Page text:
America - and much of the world - is in the midst of a recession. Customers are only interested in purchasing items at the lowest price and the only way to thrive now is to slash prices to rock bottom. Right?
I don't agree. Granted, people have less money to spend than every before. But I don't think that the fact we're in a recession means price cuts are mandatory.
Yes, customers always want to pay the lowest price (or not pay at all) for generic products or services. However, this has been around for a while - it's not just a result of the financial crisis.
In my opinion, the price of a product or service only becomes a major issue when creativity is lacking.
The key to justifying a higher price is to provide something that is of more value.
Customers are always open to paying more for a product or service that is more than a bare bones approach.
Take Apple for example. Apple can charge a premium price because they don't just sell computers and music players, they sell a beautiful-looking machine that is easy for people to use and that has a huge "cool" factor.
But is being cool enough to sustain Apple in a time of financial crisis?
I'll let you decide. Keep in mind that Apple is one of the very few stores that didn't have a "we're-so-desperate-that-we're-practically-giving-stuff-away" sale after the holidays last year. And that people snatch up the new iPhones whenever they arrive. And the fact that the blogosphere is drooling over the mere possibility of an Apple Tablet computer.
The same goes for nearly any product or service. There's a difference in buying a cup of coffee versus buying a cup of coffee made from organically-grown beans that are grown by a farmer's collective in South America that uses their profits to lift their community out of poverty. The coffee could have the exact same taste - but people will pay more for the second cup.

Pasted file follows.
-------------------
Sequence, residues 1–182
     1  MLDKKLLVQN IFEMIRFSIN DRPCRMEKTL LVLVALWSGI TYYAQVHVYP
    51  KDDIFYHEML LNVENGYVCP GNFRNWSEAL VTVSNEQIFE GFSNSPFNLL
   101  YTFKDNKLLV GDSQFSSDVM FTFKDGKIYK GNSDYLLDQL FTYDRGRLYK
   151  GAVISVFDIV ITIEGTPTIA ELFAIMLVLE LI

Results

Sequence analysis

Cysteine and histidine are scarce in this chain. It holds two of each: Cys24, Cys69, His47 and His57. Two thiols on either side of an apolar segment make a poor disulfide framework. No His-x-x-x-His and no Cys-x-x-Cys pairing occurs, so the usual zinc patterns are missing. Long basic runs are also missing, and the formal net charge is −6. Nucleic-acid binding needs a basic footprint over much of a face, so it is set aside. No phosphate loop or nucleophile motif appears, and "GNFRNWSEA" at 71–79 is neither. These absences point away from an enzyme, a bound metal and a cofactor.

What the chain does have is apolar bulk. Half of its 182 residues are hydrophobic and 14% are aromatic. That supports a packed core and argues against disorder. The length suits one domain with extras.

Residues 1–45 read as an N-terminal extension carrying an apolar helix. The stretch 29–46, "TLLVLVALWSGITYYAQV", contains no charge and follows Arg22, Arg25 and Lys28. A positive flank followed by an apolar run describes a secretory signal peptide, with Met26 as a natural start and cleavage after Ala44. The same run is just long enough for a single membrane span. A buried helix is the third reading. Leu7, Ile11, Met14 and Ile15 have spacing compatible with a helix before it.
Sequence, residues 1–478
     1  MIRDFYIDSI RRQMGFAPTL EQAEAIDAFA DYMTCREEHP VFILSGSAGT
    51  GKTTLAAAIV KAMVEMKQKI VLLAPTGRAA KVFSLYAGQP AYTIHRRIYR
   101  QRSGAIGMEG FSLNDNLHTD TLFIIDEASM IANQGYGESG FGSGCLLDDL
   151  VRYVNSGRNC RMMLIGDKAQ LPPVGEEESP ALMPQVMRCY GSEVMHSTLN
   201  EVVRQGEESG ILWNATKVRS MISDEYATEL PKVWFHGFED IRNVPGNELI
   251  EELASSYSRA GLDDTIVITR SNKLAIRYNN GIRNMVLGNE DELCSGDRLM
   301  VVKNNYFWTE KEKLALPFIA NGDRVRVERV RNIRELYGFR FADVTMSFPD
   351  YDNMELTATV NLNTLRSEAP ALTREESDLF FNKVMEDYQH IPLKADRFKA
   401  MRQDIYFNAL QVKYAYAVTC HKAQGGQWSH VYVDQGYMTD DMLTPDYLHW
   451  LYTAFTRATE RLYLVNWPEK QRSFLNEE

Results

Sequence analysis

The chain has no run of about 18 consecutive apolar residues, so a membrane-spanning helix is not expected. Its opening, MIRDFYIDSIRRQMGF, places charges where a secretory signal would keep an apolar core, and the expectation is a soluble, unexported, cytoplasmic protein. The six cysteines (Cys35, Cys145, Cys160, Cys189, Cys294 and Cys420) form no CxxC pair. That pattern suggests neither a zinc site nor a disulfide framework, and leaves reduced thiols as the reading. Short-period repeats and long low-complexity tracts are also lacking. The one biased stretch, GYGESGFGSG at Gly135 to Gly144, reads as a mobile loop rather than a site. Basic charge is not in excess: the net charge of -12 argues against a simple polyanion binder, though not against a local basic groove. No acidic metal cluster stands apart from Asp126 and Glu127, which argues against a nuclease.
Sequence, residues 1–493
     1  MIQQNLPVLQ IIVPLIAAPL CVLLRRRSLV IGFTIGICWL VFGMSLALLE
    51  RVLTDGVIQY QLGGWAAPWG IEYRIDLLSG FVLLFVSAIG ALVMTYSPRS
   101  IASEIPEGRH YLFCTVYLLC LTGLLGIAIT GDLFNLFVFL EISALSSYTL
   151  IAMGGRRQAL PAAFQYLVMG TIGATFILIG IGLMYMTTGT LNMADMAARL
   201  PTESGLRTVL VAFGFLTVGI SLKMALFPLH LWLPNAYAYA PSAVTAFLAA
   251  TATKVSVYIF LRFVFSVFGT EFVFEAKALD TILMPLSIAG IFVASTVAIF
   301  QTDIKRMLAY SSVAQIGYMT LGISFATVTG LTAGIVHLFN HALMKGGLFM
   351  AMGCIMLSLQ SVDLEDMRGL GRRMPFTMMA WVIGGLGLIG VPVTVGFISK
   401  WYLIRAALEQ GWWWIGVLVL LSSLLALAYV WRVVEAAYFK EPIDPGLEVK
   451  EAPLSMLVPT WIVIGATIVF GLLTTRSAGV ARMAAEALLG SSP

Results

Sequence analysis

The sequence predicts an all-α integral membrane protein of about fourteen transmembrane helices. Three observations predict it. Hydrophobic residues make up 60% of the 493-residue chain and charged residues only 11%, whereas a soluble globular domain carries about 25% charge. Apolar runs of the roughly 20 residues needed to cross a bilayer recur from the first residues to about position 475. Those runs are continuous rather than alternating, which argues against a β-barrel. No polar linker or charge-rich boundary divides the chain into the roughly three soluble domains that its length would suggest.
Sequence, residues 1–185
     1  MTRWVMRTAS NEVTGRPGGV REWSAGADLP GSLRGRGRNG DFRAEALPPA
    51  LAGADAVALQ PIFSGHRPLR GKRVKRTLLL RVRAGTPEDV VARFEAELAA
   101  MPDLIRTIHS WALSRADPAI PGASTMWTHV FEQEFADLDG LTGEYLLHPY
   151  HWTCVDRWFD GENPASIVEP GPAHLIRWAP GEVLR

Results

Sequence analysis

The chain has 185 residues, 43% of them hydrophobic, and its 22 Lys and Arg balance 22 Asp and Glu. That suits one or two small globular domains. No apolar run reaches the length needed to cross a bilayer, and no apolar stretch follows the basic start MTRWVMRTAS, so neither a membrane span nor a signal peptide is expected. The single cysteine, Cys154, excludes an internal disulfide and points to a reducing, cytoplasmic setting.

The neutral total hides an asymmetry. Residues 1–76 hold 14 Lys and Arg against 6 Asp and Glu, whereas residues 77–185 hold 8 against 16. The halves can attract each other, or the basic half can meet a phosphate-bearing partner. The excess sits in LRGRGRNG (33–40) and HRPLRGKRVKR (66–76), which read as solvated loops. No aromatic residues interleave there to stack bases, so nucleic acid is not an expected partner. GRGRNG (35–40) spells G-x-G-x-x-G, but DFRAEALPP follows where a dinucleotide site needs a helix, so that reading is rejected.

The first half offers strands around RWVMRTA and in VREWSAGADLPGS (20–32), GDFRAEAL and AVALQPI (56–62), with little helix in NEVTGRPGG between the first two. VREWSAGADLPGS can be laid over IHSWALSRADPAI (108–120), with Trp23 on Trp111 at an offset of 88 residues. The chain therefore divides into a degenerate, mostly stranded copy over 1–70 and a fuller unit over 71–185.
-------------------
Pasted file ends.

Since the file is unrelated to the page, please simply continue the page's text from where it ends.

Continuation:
Or take the infamous Michael Graves toilet bowl brush, "an understated, well-designed work of translucent matte plastic and white bristle bristle" that Daniel Pink wrote about in A Whole New Mind. A toilet brush functions exactly the same whether it's a $20 brush created by a designer or a $3 brush you buy at Ikea. Functionality isn't what makes people spend 6x the price of the regular toilet bowl brush - they're paying for the look.
If you can make your generic product or service special - by making it beautiful, or making it so easy to use my 90-year old grandmother could install it, or by showcasing the incredible story of how it came to be, or even by just having such a great customer service line that your customers know they can always depend on you - it won't be necessary to have the lowest price.
The key is to find innovative ways to make sure your customers feel like they are getting value for the extra money they're spending. And that takes creativity.